Abortion is considered a terrible sin and a justification for excommunication by the Catholic Church.
Typically, only senior Church officials (like bishops) have the authority to formally forgive women who confessed to having abortions. With this announcement, the Pope temporarily extended that power to all priests.
The change will only last for the duration of the "Holy Year of Mercy," which begins December 8 of this year and lasts until November 20, 2016.
In a letter surrounding this announcement, the Pope highlighted the importance of mercy and compassion. He wrote,
I think in particular of all the women who have resorted to abortion. I am well aware of the pressure that has led them to this decision. I know that it is an existential and moral ordeal. I have met so many women who bear in their heart the scar of this agonizing and painful decision. What has happened is profoundly unjust; yet only understanding the truth of it can enable one not to lose hope.
The sentiments behind this announcement typified Pope Francis' approach to many controversial issues for the Church.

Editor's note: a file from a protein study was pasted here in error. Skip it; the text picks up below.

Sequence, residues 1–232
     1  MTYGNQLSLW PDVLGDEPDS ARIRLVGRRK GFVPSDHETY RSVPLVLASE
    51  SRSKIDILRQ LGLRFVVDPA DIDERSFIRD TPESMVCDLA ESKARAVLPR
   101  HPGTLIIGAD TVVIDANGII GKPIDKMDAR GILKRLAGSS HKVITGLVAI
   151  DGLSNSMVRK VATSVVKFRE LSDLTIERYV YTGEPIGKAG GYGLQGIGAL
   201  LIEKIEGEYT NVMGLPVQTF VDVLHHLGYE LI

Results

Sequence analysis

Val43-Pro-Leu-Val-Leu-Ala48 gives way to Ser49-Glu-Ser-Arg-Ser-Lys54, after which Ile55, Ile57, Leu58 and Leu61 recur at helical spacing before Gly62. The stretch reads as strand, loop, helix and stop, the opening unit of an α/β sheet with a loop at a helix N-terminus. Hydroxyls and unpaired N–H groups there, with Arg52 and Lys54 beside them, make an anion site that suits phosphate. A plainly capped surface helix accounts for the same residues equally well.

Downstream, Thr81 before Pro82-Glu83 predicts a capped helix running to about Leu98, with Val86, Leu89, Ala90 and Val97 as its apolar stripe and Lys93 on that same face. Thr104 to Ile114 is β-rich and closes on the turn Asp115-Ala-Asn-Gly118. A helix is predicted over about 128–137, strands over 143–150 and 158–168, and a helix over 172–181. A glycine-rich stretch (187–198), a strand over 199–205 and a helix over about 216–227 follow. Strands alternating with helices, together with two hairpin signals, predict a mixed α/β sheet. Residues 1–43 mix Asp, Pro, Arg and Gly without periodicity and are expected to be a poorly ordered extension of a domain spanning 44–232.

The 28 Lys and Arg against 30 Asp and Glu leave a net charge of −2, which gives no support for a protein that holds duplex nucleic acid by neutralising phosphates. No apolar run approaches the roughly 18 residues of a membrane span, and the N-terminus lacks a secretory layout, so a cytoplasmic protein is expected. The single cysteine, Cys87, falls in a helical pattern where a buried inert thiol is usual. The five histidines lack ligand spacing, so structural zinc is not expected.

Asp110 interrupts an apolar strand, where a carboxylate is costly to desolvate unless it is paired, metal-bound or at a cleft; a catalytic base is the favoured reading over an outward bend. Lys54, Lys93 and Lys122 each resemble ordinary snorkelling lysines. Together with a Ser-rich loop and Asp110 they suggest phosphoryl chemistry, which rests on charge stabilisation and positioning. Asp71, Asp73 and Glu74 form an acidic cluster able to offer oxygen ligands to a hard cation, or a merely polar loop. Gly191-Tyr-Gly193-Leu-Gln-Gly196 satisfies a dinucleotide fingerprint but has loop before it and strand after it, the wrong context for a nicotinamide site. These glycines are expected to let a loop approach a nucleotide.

He arguably exhibits a more tolerant and progressive outlook than some of his predecessors and other religious leaders regarding many issues, particularly in terms of his stance toward the LGBT community.
As NBC News highlights, the Catholic Church has 1.2 billion followers around the world. Accordingly, the Pope wields significant authority.
Even if he doesn't fundamentally alter Church doctrine, it's evident many feel he's changing the way the Church views and interacts with the world for the better. Current presidential candidate Senator Bernie Sanders, for example, is a huge fan of Pope Francis.
Correspondingly, many on Twitter applauded this new announcement surrounding abortion. However, some also highlighted it doesn't necessarily signify a progressive or liberal stance on the issue outside of the Church.
The pope did something good today http://t.co/wghg2x3diN pic.twitter.com/Ds4UScAKiX — Ben Dreyfuss (@bendreyfuss) September 1, 2015
Abortion does not require forgiveness, @Pontifex, much less contrition before priests (men only) who claim to be representatives of God. — Jamil Smith (@JamilSmith) September 1, 2015
Regardless of one's personal opinions on these developments, Pope Francis' decision is unprecedented in terms of the history of the Church.
The Pope's statements also come just a couple weeks before a planned visit to the United States, a country where abortion remains an incendiary and highly-politicized topic.
It will certainly be interesting to see what kind of response this generates in the future.